Filmmaker Lorenzo Dickerson uncovers hidden history in his family tree
Albemarle County filmmaker Lorenzo Dickerson began researching his family’s genealogy to support his documentary, The Coachmen, a film about his great-great grandfather.
“I was only able to take my research to about 1860, which is typical for African Americans in this country,” said Dickerson.
He speaks about his experience searching for his family in the latest episode of Hidden History with Brian Bullock.
Researching family trees for European Americans and African Americans are two very different experiences. A deep dive into a white family’s history can be as easy as a long weekend scouring a website such as ancestry.com. Even without DNA testing, accessible statistical data — like birth and death records, census records, deeds and even church marriage records — can create full and accurate family trees for European Americans dating back more than five centuries.
However, prior to Emancipation in 1863, birth and death records for enslaved people of African descent in the United States were not regularly kept by local municipalities, churches or enslavers. Because the enslaved were considered property, they were not allowed to own land and their names did not appear on paperwork like deeds. And census takers often did not name enslaved workers as members of the household where they were forced to work. In most cases, enslaved people were listed oldest to youngest, with no accounting for family structure, making tracing a lineage even more difficult.
With so many hurdles to finding his family, Dickerson turned to researcher and Albemarle-Charlottesville Historical Society board member, Sam Towler. Towler is known in Central Virginia for achieving results using nontraditional methods for researching the history of African American families. In addition to census rolls and vital records, Towler scours old, unopened court records to find passing references to enslaved workers so that he can connect genealogical dots. In this way, he discovers family lineages and histories previously unknown.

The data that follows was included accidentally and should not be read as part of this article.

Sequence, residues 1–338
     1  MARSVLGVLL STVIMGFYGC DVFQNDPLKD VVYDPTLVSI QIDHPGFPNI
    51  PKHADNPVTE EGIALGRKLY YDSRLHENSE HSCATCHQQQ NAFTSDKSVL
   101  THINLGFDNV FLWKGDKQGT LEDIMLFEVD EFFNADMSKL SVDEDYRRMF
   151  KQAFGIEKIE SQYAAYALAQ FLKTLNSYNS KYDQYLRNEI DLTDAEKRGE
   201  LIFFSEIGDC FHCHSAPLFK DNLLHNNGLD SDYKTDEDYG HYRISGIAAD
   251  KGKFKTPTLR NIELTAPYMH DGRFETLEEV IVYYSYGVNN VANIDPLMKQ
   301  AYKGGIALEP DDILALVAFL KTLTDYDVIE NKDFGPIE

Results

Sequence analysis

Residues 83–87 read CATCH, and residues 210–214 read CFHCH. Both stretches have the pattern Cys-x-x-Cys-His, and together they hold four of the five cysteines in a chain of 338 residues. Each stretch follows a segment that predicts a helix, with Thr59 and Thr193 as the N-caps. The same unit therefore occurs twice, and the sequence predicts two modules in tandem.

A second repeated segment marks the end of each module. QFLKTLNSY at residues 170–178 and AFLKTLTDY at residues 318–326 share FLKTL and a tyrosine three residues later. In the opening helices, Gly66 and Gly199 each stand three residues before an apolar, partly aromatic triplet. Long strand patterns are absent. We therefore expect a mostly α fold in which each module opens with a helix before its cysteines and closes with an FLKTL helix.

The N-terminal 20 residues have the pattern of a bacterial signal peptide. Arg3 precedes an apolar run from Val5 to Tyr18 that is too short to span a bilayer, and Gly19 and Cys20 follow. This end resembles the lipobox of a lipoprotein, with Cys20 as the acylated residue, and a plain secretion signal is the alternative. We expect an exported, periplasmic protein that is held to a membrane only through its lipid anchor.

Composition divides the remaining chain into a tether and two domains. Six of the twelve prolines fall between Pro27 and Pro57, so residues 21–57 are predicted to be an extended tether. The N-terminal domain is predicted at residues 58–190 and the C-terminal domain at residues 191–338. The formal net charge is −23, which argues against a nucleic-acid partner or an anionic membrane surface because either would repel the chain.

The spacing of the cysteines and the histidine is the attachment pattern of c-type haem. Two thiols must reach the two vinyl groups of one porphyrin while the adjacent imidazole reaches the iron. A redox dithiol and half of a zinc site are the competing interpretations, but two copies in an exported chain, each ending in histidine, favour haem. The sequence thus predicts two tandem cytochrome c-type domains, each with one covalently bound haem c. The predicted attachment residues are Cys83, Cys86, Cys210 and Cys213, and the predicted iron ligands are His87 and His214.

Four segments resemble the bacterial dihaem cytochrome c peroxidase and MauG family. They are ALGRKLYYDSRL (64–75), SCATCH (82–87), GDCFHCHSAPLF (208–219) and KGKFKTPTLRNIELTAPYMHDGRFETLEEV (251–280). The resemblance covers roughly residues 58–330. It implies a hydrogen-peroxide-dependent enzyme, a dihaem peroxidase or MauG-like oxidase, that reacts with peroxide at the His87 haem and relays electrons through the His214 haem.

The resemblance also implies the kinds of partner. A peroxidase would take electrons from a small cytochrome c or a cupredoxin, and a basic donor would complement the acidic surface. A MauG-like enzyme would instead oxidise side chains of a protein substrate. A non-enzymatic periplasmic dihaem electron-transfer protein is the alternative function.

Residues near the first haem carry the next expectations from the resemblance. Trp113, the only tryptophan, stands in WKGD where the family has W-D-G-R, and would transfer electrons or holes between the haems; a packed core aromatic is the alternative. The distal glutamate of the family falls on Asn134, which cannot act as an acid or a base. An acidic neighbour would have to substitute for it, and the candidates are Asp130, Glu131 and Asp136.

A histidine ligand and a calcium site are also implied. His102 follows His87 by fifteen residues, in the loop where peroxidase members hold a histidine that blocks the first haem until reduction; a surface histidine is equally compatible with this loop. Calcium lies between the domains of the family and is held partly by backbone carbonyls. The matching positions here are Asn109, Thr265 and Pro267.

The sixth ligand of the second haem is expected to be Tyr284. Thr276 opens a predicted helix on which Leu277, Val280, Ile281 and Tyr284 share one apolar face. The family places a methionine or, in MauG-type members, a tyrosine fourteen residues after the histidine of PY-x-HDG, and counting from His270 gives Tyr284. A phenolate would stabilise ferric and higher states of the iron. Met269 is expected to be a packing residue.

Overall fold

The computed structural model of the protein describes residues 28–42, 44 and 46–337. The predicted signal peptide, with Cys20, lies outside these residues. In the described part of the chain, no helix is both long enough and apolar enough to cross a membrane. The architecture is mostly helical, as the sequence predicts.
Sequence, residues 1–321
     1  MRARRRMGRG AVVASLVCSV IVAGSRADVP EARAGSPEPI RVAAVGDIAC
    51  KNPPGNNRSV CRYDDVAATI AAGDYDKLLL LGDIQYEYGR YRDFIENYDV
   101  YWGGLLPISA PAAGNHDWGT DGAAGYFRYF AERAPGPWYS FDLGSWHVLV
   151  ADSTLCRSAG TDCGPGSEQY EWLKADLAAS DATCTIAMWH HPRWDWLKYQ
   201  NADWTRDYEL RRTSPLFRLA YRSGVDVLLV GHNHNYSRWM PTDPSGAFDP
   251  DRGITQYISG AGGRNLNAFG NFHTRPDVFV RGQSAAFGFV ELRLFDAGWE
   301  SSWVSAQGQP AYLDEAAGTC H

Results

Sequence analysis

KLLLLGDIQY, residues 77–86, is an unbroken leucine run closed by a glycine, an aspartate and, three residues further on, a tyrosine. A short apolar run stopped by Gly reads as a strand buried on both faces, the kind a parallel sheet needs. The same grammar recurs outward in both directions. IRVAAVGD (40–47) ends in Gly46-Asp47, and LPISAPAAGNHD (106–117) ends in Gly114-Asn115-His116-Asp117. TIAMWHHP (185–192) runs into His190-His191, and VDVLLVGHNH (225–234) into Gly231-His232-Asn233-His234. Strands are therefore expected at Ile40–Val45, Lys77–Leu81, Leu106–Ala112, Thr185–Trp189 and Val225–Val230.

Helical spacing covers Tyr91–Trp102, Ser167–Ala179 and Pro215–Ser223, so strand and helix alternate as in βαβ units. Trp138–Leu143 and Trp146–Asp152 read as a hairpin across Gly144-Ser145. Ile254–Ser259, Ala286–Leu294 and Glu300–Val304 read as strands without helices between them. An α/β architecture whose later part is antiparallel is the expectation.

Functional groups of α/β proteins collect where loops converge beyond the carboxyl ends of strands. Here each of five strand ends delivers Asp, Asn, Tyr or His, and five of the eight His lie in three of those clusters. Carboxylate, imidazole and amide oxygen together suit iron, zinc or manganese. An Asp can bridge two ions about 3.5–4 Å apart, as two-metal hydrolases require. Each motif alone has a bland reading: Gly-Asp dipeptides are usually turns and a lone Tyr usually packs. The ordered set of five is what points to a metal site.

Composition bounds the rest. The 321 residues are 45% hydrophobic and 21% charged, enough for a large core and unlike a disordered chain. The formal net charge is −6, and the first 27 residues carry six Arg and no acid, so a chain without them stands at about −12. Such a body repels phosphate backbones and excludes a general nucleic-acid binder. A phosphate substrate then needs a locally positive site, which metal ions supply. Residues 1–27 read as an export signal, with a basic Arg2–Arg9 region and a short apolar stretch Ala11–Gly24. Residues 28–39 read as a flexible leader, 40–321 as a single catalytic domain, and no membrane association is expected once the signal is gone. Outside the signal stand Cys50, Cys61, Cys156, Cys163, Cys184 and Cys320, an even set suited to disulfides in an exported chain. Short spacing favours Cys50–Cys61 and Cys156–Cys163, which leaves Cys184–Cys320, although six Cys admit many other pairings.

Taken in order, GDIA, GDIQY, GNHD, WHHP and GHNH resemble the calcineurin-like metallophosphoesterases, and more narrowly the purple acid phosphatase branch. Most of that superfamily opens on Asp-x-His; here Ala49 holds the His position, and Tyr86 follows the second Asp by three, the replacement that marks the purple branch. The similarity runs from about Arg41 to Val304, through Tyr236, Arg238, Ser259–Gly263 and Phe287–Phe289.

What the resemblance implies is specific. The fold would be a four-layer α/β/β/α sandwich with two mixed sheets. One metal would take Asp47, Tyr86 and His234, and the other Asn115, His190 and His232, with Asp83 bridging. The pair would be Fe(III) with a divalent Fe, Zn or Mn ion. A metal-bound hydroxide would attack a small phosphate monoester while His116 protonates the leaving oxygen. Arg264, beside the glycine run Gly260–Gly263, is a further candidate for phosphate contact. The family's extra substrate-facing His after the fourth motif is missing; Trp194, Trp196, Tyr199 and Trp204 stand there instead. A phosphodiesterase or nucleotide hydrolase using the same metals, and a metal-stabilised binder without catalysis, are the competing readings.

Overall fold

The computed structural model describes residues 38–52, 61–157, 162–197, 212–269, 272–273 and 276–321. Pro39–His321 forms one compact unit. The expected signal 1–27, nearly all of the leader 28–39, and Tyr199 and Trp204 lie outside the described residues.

Using these techniques, Towler helped Dickerson build out his family tree and complete the research needed for his film. Because of Towler’s work, Dickerson discovered new connections to names and places near the community where he grew up. He even discovered a woman in the community who was a distant cousin.
“I know Diane Brown Townes, but we never did figure out exactly how we are connected, until Sam came into the picture to connect us,” said Dickerson.
For the filmmaker, this recent, deep understanding of his ancestry is vital to his life today.
“Before I started to have kids, I wanted to delve into my history as much as possible and build out my family tree,” said Dickerson. “Today, I have two sons. And they have their family tree on their wall, poster size, with pictures and everyone’s name.”
African Americans should explore their own roots, Dickerson told Bullock, and ask questions of their elders and family members who can fill in their family history.
“Genealogical research is really important to African American families because we were deliberately disconnected from that history,” said Dickerson. “Today, we can go back, figure out this information and reconnect ourselves to this place, and to the people that are here.”
Watch Dickerson and Towler talk about the importance of ancestral history and unique methods of uncovering family trees in the latest episode of Hidden History with Brian Bullock on the new VPM History YouTube channel.
Check out the Hidden History website to catch up on past episodes. And stay tuned for more Hidden History this month in celebration of Black History!